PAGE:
Lake Mcbride State Park on Feb 20, 2016. (Contributed/Nick Rohlman)

Welcome to Natureland

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By Austin Henderson 

austin-henderson@uiowa.edu

Light filters in, softened by overhanging boughs of cedar and pine. Underneath towering limestone cliffs, a group in hip waders and flannel shirts gracefully casts trout lines in a clear babbling creek.

These are scenes that in the collective imagination belong to the vast open areas of the American West. But think again. Hidden among the rolling corn and soybean fields of eastern Iowa are a strong set of local parks, each unique and within a short drive from Iowa City.

For those needing a break from the grind of summer classes and the concrete of the city, I will give a short list of some of my favorite area parks.

The University of Iowa’s own Macbride Nature Recreation Area tops the list because of its proximity and diverse scenery. The 485-acre heavily wooded nature preserve is situated on a peninsula between Lake Macbride and the Coralville Reservoir.

The park offers six miles of trails that weave through hardwood forests and restored prairies, making it ideal for either a trail run or leisurely hike. Water access on Lake Macbride allows for the exploration of the lake’s wooded coves via canoe or kayak, a perfect escape from the Iowa heat and humidity.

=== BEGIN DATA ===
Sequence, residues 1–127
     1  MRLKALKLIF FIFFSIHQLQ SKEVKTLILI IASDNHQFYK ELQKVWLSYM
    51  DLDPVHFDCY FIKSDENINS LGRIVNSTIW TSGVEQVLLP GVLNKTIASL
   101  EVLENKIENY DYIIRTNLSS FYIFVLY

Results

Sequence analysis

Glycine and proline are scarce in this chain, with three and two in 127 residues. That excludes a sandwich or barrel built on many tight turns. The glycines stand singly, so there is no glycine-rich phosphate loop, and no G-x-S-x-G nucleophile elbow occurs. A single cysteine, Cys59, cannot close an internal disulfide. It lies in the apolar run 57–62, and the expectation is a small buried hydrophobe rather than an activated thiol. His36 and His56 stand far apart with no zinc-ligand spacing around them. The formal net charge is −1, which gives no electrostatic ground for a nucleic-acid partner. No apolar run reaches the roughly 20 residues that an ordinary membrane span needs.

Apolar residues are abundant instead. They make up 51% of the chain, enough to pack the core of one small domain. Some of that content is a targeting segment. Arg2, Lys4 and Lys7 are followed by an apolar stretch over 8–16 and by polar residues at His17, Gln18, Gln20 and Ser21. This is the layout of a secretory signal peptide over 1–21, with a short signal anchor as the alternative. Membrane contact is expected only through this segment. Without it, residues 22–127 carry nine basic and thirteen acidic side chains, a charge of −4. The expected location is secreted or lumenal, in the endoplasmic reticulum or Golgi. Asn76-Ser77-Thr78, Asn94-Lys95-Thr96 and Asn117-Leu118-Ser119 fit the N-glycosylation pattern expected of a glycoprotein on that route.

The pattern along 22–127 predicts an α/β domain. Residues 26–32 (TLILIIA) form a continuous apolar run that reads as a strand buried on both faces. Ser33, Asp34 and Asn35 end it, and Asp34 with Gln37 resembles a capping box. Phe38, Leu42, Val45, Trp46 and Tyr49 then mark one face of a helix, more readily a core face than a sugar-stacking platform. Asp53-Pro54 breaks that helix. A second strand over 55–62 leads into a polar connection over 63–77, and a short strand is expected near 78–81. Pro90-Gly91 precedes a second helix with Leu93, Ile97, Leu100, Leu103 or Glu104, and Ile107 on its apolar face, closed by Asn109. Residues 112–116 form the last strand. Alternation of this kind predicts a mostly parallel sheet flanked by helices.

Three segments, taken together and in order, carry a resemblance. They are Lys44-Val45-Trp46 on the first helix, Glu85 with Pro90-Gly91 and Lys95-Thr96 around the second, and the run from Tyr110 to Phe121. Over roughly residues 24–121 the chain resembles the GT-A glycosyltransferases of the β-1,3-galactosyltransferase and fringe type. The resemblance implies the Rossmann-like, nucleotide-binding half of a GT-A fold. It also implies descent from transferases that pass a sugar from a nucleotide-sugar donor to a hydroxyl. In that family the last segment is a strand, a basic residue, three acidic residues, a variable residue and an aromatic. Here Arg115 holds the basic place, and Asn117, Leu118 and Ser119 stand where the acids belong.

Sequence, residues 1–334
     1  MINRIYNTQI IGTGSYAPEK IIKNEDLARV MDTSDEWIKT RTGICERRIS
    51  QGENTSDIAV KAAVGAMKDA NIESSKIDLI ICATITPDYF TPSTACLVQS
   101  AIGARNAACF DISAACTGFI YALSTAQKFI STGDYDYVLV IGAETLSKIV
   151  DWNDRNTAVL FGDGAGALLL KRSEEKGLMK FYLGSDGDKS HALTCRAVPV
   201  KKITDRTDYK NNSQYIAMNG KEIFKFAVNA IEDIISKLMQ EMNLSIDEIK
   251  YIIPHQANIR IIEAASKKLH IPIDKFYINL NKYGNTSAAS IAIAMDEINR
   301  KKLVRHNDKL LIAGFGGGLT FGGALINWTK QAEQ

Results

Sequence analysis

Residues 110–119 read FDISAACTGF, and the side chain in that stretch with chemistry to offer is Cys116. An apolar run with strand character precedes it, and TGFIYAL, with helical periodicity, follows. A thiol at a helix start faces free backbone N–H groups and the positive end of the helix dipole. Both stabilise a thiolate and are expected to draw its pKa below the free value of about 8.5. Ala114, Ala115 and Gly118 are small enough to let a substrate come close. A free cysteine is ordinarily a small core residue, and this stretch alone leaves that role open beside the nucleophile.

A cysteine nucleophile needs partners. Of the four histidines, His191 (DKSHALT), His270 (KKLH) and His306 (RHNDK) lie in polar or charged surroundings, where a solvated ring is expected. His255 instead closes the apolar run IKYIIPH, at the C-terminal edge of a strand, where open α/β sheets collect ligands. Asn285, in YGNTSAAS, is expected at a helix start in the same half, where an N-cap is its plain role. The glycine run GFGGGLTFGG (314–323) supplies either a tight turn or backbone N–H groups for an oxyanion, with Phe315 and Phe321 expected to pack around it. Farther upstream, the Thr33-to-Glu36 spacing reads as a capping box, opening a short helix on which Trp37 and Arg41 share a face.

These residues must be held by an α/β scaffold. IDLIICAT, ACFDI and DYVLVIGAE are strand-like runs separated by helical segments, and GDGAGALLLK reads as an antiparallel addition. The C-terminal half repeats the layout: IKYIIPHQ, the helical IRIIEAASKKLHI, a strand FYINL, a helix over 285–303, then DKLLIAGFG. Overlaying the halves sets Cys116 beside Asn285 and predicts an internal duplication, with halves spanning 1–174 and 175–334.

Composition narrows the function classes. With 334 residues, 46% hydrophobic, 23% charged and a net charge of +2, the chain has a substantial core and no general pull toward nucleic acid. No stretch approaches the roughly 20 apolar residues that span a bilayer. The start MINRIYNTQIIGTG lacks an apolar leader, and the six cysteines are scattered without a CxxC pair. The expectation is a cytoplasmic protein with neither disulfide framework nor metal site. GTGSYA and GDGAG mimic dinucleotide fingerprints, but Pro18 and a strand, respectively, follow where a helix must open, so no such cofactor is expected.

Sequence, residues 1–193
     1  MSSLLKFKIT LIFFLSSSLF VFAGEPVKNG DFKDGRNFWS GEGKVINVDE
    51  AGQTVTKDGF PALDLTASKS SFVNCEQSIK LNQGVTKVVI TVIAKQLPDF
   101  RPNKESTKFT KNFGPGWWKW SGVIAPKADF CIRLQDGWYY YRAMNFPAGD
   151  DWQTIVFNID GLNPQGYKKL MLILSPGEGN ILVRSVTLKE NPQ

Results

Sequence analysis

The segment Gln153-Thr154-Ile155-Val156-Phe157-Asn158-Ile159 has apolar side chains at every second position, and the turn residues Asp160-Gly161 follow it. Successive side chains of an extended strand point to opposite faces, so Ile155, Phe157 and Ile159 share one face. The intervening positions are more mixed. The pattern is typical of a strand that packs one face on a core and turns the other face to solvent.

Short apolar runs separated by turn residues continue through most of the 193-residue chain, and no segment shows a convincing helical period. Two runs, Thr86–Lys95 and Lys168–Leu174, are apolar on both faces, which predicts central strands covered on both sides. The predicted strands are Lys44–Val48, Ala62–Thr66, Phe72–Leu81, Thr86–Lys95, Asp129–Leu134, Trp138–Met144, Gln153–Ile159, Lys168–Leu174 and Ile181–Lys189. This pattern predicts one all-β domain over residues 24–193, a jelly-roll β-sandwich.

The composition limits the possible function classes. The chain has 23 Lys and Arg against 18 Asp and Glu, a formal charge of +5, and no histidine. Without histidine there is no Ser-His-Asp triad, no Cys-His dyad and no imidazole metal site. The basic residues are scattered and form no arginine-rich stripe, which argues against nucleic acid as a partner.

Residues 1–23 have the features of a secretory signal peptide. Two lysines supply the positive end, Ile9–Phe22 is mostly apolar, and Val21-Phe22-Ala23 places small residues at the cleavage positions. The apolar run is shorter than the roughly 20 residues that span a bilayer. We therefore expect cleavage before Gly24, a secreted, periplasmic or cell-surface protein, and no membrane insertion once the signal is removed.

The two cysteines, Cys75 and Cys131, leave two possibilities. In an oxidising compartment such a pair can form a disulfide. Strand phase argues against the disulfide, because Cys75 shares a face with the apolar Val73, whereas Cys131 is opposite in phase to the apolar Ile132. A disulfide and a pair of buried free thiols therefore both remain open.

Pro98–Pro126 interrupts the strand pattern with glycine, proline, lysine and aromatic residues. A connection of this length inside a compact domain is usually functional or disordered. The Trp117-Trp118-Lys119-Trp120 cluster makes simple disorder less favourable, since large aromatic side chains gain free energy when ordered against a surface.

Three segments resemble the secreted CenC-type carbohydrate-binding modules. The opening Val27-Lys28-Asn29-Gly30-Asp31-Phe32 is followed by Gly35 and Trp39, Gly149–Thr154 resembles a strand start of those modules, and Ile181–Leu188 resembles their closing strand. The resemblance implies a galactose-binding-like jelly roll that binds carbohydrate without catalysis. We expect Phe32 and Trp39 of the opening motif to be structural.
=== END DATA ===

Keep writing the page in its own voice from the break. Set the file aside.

For those interested in an overnight experience, the park has a series of group camping as well as hike-to sites. The fox sites offer breathtaking waterside views.

Next up is Palisades-Kepler State Park. The park is located midway between Cedar Rapids and Mount Vernon on Highway 30. Notable both for its bluff-lined river views and its rustic lodges and stone overlook, the park owes a legacy to the work of the Civilian Conservation Corps. The Cedar Cliff Trail is a must-hike, following the limestone ridgeline for 1.3 miles, leading to views of the river cliffs and surrounding farmland.

Our final destination, Yellow River State Forest, is located west of Marquette, in the hilly northeastern corner of the state. The park’s scenery makes up for the roughly two-hour drive.

The park offers a multitude of fishing, canoeing, and hiking opportunities, but a personal favorite is the Yellow River backpacking trail. Located in the park’s Paint Creek unit, the trail meanders for 14.3 miles through the wetlands, bluffs, and prairies of the state’s Driftless Region.

One can see why the location was featured in Outside Magazine as the best hiking trail in Iowa when gazing from the Big Paint Overlook, which look down at the turquoise waters of Paint Creek hundreds of feet below.

For those looking to get away from the loud nature of group campsites, the trail offers several hike-in campsites. These primitive sites allow for a quieter, more intimate experience with nature, giving a sense of wilderness that is not often found in Iowa. For a truly rustic experience, opt for Heffern’s Hill Camp, tucked behind a bluff 5 miles from the trailhead.

For more information on local outdoor activities visit iowadnr.gov.

Rentals for any of your adventures an be found at the UI Outdoor Rental Center, which serves to provide gear for students, faculty, and the community at large.

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